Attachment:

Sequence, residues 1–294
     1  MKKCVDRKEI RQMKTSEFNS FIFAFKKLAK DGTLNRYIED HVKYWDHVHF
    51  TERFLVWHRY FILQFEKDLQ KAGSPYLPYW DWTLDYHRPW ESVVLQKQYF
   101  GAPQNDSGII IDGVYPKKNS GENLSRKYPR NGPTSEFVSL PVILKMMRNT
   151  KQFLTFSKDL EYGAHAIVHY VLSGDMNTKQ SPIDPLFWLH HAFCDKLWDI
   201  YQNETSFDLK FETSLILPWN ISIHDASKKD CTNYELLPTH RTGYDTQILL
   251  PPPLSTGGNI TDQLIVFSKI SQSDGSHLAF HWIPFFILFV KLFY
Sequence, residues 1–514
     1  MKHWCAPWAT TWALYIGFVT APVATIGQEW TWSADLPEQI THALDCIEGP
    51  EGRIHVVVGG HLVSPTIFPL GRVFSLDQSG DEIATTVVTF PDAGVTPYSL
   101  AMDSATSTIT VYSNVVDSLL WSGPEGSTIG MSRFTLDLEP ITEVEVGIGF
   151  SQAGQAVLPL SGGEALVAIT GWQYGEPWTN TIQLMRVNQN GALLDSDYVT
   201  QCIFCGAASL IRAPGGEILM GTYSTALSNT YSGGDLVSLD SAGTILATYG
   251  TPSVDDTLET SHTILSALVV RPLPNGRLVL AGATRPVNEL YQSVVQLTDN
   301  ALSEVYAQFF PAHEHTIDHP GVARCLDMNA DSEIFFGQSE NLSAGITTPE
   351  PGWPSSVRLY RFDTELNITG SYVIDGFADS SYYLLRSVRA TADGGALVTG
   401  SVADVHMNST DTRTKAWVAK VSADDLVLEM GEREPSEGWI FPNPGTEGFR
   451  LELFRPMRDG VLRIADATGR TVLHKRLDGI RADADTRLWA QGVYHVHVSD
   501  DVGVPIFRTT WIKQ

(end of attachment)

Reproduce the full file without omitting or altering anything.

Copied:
Sequence, residues 1–294
     1  MKKCVDRKEI RQMKTSEFNS FIFAFKKLAK DGTLNRYIED HVKYWDHVHF
    51  TERFLVWHRY FILQFEKDLQ KAGSPYLPYW DWTLDYHRPW ESVVLQKQYF
   101  GAPQNDSGII IDGVYPKKNS GENLSRKYPR NGPTSEFVSL PVILKMMRNT
   151  KQFLTFSKDL EYGAHAIVHY VLSGDMNTKQ SPIDPLFWLH HAFCDKLWDI
   201  YQNETSFDLK FETSLILPWN ISIHDASKKD CTNYELLPTH RTGYDTQILL
   251  PPPLSTGGNI TDQLIVFSKI SQSDGSHLAF HWIPFFILFV KLFY
Sequence, residues 1–514
     1  MKHWCAPWAT TWALYIGFVT APVATIGQEW TWSADLPEQI THALDCIEGP
    51  EGRIHVVVGG HLVSPTIFPL GRVFSLDQSG DEIATTVVTF PDAGVTPYSL
   101  AMDSATSTIT VYSNVVDSLL WSGPEGSTIG MSRFTLDLEP ITEVEVGIGF
   151  SQAGQAVLPL SGGEALVAIT GWQYGEPWTN TIQLMRVNQN GALLDSDYVT
   201  QCIFCGAASL IRAPGGEILM GTYSTALSNT YSGGDLVSLD SAGTILATYG
   251  TPSVDDTLET SHTILSALVV RPLPNGRLVL AGATRPVNEL YQSVVQLTDN
   301  ALSEVYAQFF PAHEHTIDHP GVARCLDMNA DSEIFFGQSE NLSAGITTPE
   351  PGWPSSVRLY RFDTELNITG SYVIDGFADS SYYLLRSVRA TADGGALVTG
   401  SVADVHMNST DTRTKAWVAK VSADDLVLEM GEREPSEGWI FPNPGTEGFR
   451  LELFRPMRDG VLRIADATGR TVLHKRLDGI RADADTRLWA QGVYHVHVSD
   501  DVGVPIFRTT WIKQ